1) The vision for Image journal is different from most other journals that have received acclaim, especially from a Pulitzer Prize winner Annie Dillon. What inspired you and your staff to create a journal with the specific focus of integrating imagination and religion?
The goal was to fill a gap in our culture -- for most of the last 100 years, both religious believers and secularists have agreed that great art could no longer be created by people grappling with religious faith. Many believers dismiss "modern art" as somehow incapable of conveying a spiritual vision. And many secularists think that faith is an escape from reality and thus cannot generate great art. We wanted to prove both sides wrong. After 20 years and over 60 issues, we think we've done that.
2) Can you talk a little bit about the history of your journal and some of the growing pains it went through to get to where it is today? What were some of the biggest challenges your journal faced or still faces today?
Well, the obvious answer is that money has always been the biggest challenge. But in a way we also struggled for credibility -- when we started IMAGE the editors had no money, no reputation, no institutional backing. We had only a single issue of a quality journal to show off, and we used that to try to convince people that it was needed. The biggest challenge we face today is the difficulty of convincing people that reading a literary journal is worth the effort. In an era of short attention spans a publication that contains long stories and essays, and challenging poems, is not an easy sell. And yet the rewards for this kind of deep reading are tremendous.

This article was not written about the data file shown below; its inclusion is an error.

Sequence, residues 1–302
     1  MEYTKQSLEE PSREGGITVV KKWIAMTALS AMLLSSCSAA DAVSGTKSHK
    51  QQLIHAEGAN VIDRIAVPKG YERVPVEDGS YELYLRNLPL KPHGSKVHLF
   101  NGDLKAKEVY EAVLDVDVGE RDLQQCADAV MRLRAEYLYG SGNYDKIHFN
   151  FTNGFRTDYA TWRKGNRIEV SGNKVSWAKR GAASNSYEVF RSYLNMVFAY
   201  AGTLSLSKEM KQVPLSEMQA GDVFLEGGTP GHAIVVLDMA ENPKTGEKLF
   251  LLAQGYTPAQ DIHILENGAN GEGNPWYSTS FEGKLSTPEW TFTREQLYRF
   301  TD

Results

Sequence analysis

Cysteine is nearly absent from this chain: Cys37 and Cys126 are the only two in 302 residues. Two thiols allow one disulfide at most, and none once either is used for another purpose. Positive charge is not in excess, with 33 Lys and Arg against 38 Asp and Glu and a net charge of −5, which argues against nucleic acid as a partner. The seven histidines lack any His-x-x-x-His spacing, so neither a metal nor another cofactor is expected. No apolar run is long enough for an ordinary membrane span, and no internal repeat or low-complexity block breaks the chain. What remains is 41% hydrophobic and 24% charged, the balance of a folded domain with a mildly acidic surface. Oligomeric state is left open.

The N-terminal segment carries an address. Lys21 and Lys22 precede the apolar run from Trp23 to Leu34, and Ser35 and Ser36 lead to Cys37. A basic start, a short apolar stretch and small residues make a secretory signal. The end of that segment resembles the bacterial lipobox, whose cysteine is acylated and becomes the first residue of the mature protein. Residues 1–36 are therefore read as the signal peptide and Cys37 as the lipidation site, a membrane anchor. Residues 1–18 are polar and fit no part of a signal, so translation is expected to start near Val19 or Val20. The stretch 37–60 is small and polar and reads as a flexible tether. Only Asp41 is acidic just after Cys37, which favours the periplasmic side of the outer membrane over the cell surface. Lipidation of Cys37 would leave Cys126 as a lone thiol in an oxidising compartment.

3) As you are a teacher, publisher, and editor, is it difficult to find time to write yourself? How do you make time to write?
All I have time to write these days are short pieces: four editorial statements for IMAGE each year, a few book reviews and blog posts. That's because my work for IMAGE and the Seattle Pacific University MFA in Creative Writing take up so much of my time. I hope one day soon to be able to hire more workers to help shoulder some of the workload. On that happy day, I will be able to begin writing books again.
4) What type of genre do you normally write? Do you have any works in progress?
I write nonfiction of many types: literary criticism, cultural reflections, biography, etc. I have begun research for a book I hope to write: a group biography of several Renaissance Christian Humanists, including Erasmus, Thomas More, and Hans Holbein the Younger. Also, a book of my essays will be published in about a year and I am editing a volume of selected poems by the twentieth century American poet Dunstan Thompson.
5) In ways does the novel you're currently working on "The Company of Good Letters: How Erasmus and His Circle of Renaissance Christian Humanists Shaped the Modern World" fit in to the vision statement of your journal? Or are you planning on going in a different direction?
It's not going to be a novel (work of fiction); it will be a nonfiction book -- narrative history. And yes, it is completely in line with the vision of IMAGE because I see in Erasmus and Co. a vision that is almost identical to that of IMAGE. These Christian humanists thought that literature and the imagination were extremely important as a way of bringing a balanced vision to a highly politicized era.
6) Who were some of the other writers who were important to the early part of your career?
The poet T.S. Eliot. Fiction writers like Flannery O'Connor, Walker Percy, Graham Greene, Evelyn Waugh, Georges Bernarnos, Francois Mauriac, and Shusaku Endo.
7) Finally, do you have any advice to anyone who would be interested in submitting their work to your journal?
Be patient with us -- we are a small staff with a huge workload. It can take us a while to read your submission. Don't be discouraged if you work is not accepted. Keep submitting to IMAGE and other journals. Above all, keep writing!